The profiles that have been flagged for removal, but not yet fully deleted, are no longer compared to forensic material found at crime scenes, according to the medical examiner’s office.

“Those who have been directly affected by violent crime appreciate the role DNA analysis as a tool plays in giving them answers and ultimately delivering justice. As of December, there were almost 3,000 DNA samples flagged for removal from the local database,” said OCME spokesperson Aja Worthy-Davis. “This ongoing process is technically complex, and accuracy is essential, however with consideration to public concerns we have effectively removed access to those cases in the process of elimination. We have kept our partners updated on this process throughout, and will continue to do so.”

The NYPD did not respond to a request for comment Tuesday.

In addition to removing old profiles, the announced reforms include limiting the collection of DNA from minors, who will only have DNA taken if they’re suspected in a felony, sex crime, gun crime or hate crime.

The plan also included a new consent form giving subjects more information about how their genetic information will be used before they sign off. Some people agree to give a DNA sample, while others have it taken under a court order or from what cops call abandoned property, such as a water bottle or cigarette.

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Perdue rules out Georgia Senate comeback in 2022

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Perdue rules out Georgia Senate comeback in 2022

Former Republican Sen. David Perdue will not run for Senate in 2022, he said in a statement Tuesday, ruling out another campaign in Georgia less than two months after losing a runoff election for a second term.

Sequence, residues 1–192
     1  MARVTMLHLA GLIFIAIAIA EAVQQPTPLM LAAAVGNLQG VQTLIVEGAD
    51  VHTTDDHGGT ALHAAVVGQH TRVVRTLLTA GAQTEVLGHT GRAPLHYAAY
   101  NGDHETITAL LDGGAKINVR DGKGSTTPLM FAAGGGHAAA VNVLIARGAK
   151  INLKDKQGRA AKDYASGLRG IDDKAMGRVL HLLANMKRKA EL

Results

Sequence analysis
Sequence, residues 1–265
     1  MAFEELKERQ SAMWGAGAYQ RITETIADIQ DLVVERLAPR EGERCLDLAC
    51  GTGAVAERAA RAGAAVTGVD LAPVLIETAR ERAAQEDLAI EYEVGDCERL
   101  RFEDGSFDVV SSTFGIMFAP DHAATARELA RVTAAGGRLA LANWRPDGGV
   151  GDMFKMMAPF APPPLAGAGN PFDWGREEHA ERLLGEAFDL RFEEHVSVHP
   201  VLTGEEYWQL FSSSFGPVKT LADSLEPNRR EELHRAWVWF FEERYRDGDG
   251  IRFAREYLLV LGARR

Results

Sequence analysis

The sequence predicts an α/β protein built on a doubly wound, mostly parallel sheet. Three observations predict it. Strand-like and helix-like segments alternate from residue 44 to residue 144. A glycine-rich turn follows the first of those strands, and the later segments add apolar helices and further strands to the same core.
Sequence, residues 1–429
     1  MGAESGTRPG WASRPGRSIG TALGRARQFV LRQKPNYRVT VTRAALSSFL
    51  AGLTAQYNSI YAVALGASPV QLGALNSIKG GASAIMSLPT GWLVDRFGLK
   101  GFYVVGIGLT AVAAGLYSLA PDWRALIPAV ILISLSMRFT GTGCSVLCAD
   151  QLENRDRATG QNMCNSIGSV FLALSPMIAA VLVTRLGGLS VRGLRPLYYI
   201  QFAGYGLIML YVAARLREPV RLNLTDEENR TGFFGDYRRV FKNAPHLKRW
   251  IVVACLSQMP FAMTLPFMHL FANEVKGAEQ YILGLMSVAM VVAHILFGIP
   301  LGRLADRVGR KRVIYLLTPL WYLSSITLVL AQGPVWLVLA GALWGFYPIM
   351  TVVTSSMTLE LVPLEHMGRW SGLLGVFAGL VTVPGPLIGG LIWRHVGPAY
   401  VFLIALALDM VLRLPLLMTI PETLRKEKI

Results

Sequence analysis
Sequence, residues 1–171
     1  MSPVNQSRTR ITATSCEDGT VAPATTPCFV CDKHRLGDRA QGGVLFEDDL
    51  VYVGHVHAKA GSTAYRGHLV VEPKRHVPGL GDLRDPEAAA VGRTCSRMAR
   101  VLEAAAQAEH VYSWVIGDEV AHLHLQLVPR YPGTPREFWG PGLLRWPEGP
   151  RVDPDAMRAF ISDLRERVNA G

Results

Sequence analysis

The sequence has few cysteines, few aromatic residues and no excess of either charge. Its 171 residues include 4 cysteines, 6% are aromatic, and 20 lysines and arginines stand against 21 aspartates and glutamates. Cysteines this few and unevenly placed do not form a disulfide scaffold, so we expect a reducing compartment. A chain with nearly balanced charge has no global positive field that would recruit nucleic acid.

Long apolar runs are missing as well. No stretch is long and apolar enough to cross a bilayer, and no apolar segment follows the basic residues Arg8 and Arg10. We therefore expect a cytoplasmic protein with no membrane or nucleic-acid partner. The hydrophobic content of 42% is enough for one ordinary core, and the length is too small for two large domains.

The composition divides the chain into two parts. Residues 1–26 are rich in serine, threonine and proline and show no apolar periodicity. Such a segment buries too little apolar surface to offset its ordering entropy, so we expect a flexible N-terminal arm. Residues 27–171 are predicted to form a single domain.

The decision comes just a week after Perdue filed a statement of candidacy with the Federal Election Commission and said publicly that he was considering another campaign in 2022. Democratic Sen. Raphael Warnock, who won a special election against former GOP Sen. Kelly Loeffler in January, is on the ballot again next year for a full term.

“This is a personal decision, not a political one,” Perdue said in the statement announcing that he would not run. “I am confident that whoever wins the Republican primary next year will defeat the Democrat candidate in the General election for this seat, and I will do everything I can to make that happen.”

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Native Americans Finally Have a Cabinet Nominee. Will an Adopted Tlingit Take Her Down?

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Native Americans Finally Have a Cabinet Nominee. Will an Adopted Tlingit Take Her Down?

“They don’t know what it means to be an Indian,” Williams said of these elected officials from his party. “An old Indian proverb would say: ‘walk a mile in his moccasins.’ Then maybe they’d come to that understanding.”

Normally, voting against the nomination of a progressive environmentalist would a be a no-brainer for an Alaska Republican like Murkowski. Her state more or less runs on oil, which most years contributes as much as 90 percent of Alaska’s Unrestricted General Fund. Only about 3 percent of Alaskans work in the oil and gas industry, but all residents who have lived in the state for a year and intend to stay get paid an annual dividend based on industry revenues. In 2020, that was $992 in every Alaskan’s pocket. The Biden administration’s policies are designed, in part, to move beyond this oil-centric status quo, and Haaland, who went to the camps erected in the path of the Dakota Access Pipeline in 2016 and cooked green chili stew for demonstrators, has been an outspoken champion of them. If she weren’t Native, this would probably be an easy decision for Murkowski. But the senator’s personal connection and electoral dependence on Native voters makes it a lot more complicated.